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Image of Vishnu and of his Avatars at Bilas

Image of Vishnu and of his Avatars at Bilas

Photographer: Archaeological Survey of India

Medium: Photographic print

Date: 1896

Shelfmark: Photo 1007/3(652)

Item number: 652

Length: 10.5

Width: 14.6

Scale: Centimetres

Genre: Photograph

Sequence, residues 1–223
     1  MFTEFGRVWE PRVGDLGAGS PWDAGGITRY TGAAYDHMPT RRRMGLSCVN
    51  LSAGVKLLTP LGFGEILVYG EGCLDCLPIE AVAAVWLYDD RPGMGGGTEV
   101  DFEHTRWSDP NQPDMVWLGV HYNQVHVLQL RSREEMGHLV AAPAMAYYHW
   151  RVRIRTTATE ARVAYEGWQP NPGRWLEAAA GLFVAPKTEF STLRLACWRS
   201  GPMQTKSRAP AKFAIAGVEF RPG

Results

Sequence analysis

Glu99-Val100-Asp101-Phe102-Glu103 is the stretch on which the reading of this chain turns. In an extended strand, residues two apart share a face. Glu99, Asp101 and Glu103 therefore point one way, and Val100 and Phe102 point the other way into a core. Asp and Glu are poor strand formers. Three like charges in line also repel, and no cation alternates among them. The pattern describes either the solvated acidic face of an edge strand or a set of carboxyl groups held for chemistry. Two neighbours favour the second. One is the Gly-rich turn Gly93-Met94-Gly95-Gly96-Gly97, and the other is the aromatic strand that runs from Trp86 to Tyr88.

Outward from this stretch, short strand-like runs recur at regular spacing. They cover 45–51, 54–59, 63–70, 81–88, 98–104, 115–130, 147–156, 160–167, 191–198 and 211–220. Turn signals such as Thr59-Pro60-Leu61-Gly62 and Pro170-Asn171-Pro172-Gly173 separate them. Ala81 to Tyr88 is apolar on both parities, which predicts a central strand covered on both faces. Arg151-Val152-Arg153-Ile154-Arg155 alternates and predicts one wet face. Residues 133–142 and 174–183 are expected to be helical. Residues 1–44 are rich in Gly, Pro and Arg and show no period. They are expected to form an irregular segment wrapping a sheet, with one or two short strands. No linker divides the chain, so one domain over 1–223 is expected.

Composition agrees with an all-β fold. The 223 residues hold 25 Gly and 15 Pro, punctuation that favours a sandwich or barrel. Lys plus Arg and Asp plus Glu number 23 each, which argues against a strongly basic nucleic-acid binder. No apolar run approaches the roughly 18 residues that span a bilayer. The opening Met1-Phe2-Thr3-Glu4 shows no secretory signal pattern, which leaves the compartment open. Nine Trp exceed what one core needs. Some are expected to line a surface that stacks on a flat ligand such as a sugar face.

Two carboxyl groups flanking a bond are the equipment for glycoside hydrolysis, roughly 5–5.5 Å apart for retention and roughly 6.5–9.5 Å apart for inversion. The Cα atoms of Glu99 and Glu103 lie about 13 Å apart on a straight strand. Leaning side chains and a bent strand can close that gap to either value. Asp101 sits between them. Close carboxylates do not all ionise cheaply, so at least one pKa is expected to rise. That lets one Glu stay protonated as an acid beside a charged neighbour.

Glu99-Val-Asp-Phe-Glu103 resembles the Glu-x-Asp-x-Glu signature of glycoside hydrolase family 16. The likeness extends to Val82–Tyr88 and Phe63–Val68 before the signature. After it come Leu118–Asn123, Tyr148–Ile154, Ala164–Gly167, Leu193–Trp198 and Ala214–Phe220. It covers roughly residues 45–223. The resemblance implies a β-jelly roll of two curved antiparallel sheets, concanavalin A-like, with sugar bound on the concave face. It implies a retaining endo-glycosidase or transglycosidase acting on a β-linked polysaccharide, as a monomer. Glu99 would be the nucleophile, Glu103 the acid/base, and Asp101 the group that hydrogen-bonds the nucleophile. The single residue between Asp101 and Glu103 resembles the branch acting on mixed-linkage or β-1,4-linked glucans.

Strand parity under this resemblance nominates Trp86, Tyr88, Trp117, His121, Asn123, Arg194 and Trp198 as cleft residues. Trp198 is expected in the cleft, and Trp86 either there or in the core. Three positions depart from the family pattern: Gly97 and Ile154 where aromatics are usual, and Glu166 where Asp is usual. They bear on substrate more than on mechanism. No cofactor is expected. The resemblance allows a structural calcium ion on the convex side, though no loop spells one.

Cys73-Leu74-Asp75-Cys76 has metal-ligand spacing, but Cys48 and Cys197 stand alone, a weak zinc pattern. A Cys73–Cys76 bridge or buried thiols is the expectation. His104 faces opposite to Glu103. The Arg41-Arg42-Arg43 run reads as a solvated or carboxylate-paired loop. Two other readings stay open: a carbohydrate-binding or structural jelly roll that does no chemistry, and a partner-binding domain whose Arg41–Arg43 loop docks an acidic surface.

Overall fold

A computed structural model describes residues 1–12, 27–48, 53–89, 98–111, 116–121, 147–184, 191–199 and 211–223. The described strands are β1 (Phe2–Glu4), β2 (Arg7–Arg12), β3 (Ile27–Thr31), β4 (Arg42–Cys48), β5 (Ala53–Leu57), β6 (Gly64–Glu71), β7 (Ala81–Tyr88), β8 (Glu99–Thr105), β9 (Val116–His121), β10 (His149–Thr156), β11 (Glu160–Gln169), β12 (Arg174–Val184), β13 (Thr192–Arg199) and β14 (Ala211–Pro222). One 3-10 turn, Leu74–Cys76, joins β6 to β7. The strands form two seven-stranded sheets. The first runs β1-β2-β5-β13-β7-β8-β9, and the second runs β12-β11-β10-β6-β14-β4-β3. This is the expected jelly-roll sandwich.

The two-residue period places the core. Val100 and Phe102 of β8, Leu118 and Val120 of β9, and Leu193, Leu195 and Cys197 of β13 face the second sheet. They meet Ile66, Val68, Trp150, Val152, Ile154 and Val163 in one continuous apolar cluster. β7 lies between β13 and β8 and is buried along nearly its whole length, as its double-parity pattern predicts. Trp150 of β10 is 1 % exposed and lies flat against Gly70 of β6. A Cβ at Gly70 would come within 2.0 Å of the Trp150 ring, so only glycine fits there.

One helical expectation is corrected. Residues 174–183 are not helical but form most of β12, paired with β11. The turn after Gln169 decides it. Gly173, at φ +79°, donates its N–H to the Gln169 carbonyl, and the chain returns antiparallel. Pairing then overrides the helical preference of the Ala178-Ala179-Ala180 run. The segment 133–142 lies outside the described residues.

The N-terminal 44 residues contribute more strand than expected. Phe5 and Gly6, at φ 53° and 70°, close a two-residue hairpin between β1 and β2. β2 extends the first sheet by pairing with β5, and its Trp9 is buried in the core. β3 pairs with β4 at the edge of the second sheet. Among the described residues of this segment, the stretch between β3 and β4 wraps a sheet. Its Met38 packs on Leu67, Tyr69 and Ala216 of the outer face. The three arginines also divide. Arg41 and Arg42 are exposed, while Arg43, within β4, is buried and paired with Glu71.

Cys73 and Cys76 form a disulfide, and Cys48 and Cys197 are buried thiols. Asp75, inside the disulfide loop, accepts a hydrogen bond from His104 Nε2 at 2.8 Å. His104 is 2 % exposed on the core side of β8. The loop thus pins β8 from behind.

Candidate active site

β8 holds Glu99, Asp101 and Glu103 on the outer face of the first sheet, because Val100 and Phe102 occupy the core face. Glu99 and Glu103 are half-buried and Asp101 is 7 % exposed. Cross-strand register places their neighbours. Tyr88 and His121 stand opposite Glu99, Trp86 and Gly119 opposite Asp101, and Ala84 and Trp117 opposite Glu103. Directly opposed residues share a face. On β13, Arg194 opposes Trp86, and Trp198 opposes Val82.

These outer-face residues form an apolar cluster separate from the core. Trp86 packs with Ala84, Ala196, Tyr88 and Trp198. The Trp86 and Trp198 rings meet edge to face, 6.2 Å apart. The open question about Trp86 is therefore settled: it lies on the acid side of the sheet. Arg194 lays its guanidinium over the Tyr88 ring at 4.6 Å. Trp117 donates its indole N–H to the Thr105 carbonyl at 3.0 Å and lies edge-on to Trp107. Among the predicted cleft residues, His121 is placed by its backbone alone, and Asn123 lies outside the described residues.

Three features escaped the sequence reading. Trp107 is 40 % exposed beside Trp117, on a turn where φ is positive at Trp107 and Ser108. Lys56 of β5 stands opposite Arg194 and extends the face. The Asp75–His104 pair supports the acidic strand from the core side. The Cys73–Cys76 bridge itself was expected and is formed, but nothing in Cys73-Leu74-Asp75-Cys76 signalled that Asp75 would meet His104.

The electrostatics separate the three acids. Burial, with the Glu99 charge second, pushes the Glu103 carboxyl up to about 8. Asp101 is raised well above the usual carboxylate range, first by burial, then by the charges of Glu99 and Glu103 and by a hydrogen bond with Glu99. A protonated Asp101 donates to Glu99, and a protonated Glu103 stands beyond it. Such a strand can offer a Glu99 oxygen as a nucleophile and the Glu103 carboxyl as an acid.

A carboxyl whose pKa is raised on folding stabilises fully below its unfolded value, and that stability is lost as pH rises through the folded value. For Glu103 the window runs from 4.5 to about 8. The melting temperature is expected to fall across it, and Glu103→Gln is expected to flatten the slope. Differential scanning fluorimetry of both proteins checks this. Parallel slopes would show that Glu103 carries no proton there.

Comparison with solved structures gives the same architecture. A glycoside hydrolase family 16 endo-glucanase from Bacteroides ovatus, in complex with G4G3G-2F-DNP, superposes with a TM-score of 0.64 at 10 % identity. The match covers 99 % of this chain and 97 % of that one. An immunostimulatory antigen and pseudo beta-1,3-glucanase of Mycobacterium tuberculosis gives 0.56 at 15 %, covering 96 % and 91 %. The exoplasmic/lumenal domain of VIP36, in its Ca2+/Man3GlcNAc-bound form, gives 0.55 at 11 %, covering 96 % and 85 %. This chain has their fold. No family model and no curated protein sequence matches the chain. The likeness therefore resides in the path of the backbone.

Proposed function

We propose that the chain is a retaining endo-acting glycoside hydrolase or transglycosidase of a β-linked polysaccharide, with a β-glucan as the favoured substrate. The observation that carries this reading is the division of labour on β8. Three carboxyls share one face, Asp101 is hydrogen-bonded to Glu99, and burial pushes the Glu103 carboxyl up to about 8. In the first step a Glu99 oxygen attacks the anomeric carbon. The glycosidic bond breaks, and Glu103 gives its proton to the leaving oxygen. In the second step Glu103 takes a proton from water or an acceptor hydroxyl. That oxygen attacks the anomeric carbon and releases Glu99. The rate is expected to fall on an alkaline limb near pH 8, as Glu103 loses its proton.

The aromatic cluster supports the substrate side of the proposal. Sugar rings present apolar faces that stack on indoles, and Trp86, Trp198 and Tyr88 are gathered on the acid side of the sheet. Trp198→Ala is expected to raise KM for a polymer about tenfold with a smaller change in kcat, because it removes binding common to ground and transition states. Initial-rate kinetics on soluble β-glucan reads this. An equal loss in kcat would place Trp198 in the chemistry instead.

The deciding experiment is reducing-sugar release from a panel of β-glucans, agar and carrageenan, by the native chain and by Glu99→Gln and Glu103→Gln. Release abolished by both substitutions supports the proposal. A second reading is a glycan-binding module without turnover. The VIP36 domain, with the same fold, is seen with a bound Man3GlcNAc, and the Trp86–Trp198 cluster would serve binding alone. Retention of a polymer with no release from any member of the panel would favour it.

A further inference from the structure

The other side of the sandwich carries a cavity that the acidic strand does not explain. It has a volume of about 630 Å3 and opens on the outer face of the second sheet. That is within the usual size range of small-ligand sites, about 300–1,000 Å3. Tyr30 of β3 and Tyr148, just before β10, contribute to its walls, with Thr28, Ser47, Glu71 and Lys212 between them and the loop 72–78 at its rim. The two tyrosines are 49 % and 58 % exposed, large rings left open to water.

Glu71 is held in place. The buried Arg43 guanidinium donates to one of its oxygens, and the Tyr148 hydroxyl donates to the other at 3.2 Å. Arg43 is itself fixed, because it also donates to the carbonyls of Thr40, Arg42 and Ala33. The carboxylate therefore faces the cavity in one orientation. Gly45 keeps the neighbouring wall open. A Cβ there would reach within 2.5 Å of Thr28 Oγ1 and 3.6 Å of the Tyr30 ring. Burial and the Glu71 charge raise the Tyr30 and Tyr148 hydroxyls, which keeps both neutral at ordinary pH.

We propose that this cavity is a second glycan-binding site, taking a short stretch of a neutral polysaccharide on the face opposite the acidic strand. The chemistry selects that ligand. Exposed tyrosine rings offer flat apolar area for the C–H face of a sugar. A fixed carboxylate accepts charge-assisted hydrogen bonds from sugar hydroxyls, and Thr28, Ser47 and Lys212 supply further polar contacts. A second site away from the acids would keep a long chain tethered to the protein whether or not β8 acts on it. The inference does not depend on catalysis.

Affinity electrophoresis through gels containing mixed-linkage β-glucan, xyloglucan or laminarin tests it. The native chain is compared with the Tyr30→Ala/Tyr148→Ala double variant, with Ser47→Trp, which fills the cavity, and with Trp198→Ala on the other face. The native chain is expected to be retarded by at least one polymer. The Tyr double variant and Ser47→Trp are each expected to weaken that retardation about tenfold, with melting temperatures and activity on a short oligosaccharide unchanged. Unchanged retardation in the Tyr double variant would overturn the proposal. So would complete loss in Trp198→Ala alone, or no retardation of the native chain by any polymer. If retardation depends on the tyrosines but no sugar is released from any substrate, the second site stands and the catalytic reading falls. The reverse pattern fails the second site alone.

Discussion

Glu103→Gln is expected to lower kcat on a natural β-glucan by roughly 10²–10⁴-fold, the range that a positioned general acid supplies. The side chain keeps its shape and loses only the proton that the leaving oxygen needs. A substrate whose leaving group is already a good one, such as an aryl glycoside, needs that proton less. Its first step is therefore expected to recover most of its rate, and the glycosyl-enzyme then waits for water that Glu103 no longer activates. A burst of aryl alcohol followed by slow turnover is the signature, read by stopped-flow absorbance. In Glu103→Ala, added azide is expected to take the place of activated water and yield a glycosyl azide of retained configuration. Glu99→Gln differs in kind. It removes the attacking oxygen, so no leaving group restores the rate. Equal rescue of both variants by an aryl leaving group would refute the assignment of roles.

Photograph of a panel carved in relief from Bilas in Rajasthan, taken by an unknown photographer for the Archaeological Survey of India Collections: Northern Circle (North-Western Provinces and Oudh) in 1896-97. Bilas is a site hidden in the dense jungle, about 65 miles east of Kotah. The archaeological remains consist of ruined dwelling-houses, palaces and temples that are Shaiva, Vaishnava or Jain and are of an ancient city formerly called Suvarna-panari-pura. The most recent inscription discovered at the site dates to the 14th century and refers to an earthquake that most likely brought about the demise of the city. In this photograph, the god Vishnu stands in the middle of a carved panel surrounded by male and female attendants. The miniature figures on the top depict his avataras (incarnations). In Hindu mythology, Vishnu is known to take on one of ten forms: Matsya the Fish, Kurma the Tortoise, Varaha the Boar, Narasimha the Lion, Vamana the Dwarf, Parashurama is 'Rama with the Axe', Rama the Hero, Krishna, Buddha and Kalki is the incarnation yet to come.

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